2) Blocked exocrine gland function

3) Increased susceptibility to chronic endobronchial colonization

25

What is endobronchial colonization

infections in the lungs over and over again, pneumonia is a destructive process leads to decrease in function

26

Pancreatic Dysfunction
and CF

Viscous secretions begin to obstruct pancreas in utero with periductal inflammation and fibrosis

Maldigestion of protein = greasy, bulky, foul
smelling stools
*stool is a confirmatory test

27

Pulmonary Dysfunction
and CF

Obstruction of small airways

Air trapping and atelectasis

Progressive airway obstruction

Decreased gas exchange

Opportunistic bacteria, inflammation, bronchiectasis, and irreversible airway damage

28

Patient presentation with CF

Patients are likely to present with:
Persistent Cough
Recurrent Pneumonia
Excessive Appetite
Poor Weight Gain
Salty Skin/Sweat
Bulky Foul Smelling Stools
Infertility
Nasal Polyps
Chronic Wheeze
Glucose Intolerance
Tachypnea
Cyanosis/Digital Clubbing
Exertional Dyspnea
Pneumothorax
Hemoptysis
Right Sided Heart Failure (lungs do not work)

29

Why does a person with CF have poor weight gain

lack of digestion

30

Associated Medical Complications with CF

↑ Incidence of DM, Intestinal Obstruction, Hepatobiliary involvement, Recurrent Pancreatitis

Obstruction of the vas deferens
(98% infertility in males, ↓ fertility in females)

Sinusitis (Persistent HA)

Pneumothorax 2º rupture of bronchiectatic cysts or subpleural blebs, Clubbing, Anorexia, Malnutrition

31

*Medical Tests for Diagnosis of CF

Sweat Test

Nasal PD (Potential difference)

Stool Analysis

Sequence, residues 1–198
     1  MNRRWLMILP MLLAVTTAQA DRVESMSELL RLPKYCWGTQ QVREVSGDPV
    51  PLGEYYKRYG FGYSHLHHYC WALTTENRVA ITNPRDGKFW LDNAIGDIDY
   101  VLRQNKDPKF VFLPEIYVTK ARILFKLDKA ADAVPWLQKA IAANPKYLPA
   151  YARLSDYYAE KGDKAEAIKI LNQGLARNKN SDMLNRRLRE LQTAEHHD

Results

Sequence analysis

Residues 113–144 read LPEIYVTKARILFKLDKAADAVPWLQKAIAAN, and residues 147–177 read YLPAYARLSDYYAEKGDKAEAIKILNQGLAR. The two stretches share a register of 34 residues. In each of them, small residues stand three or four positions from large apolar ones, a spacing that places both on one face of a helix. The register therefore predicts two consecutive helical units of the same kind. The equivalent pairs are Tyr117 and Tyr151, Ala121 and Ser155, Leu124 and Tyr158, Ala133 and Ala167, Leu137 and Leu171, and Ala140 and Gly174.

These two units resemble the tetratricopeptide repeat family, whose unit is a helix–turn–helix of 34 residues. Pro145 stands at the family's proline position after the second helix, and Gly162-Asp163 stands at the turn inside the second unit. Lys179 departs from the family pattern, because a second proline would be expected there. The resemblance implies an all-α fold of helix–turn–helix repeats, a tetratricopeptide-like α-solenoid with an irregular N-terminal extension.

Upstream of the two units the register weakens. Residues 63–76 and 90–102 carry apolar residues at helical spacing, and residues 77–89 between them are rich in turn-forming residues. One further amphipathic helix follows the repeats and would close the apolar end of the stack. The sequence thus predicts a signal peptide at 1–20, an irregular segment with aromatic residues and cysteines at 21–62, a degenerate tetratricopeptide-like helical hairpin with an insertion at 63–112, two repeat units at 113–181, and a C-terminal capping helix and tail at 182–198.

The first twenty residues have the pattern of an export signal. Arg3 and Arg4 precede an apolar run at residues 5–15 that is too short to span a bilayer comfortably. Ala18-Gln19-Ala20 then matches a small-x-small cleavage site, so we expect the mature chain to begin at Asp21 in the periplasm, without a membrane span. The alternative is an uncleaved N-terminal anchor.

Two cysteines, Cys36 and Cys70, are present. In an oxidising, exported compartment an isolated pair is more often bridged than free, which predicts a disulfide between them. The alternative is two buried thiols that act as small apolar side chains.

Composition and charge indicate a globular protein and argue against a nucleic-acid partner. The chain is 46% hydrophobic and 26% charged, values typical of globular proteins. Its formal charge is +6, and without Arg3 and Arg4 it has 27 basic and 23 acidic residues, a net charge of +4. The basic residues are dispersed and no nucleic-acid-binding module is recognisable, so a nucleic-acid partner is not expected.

32

Can CXR diagnose CF

Findings are negative early on in the disease process

Later, X-rays demonstrate streaky, white bands across the lung fields

Pneumonia, bronchiectasis, atelectasis, pneumothorax

33

What will a CXR of later stages of CF look like

Streaky
White bands

34

What problems would a PFT show for a person with CF

Obstructive Components: -Air trapping
Increased RV and FRC
Increased PaCO2

Restrictive Components: Restricted air flow
Decreased TLC and VC

35

CF chest pt assessment will show

Auscultation - Rales/sonorous wheezes

Increased A/P diameter (Barrel Chest)

Chronic, productive cough

Accessory muscle use

36

CF chest PT treatment

Postural Drainage (no trendelenburg)

FET (forced expiration technique) (huffing) as effective as 2-3 CPT treatments/day

ACB (Active cycle breathing) uses FET in conjunction with thoracic exp. exercises

AD (Autogenic draining)(uses segmental breathing)

Trunk Mobility/Postural Education

Exercise encouragement

37

Aduct tools to increase exercise tolerance and secretion clearance in pts with CF

IPV Intrapulmonary Percussive Ventilator
machine that delivers small bursts of air to help clear mucus

PEP (positive expiratory pressure)/flutter

Aerobika- oscillating positive expiratory pressure device

Inflatable therapy vest

Mucolytics (thins secretions)

38

Any PT program for CF should advocate regular exercise, the benefits of which include:

👍 ↑ sputum clearance
👍 ↑ aerobic fitness
👍 psychological benefits

39

CF Nutrition

Balanced diet - high calorie

Enzyme supplementation for fat and protein digestion

May require supplemental nutrition at night by NG or IV (hydration essential for adequate expectoration of secretions)

40

CF Pharmacology

Abx - for recurrent infections

Nebulizers

Mucus thinners

CFTR Modulation Therapies

Steroids to dec. inflammation

41

Lung transplant and CF

Must be done bilaterally

Severe pulmonary disease with marked hypoxemia

Increase in the frequency of hospitalizations

Increased antibiotic resistance

No other significant vital organ disease

History of medical compliance

Acceptable psychological profile

42

Complications and things to keep in mind with lung transplants

Complicated by fact many recipients are adolescents

May tend to skip follow up rx in order to fit in better with peers

cystic fibrosis is still all in the body even though lungs do not have gene

43

Lung Transplant P/O

Immunological suppression post op

Risk of rejection

Pts may be colonized with infectious agents (esp in sinuses) that can infect new lungs

Unique challenges (only organ transplant that comes into contact with the outside world)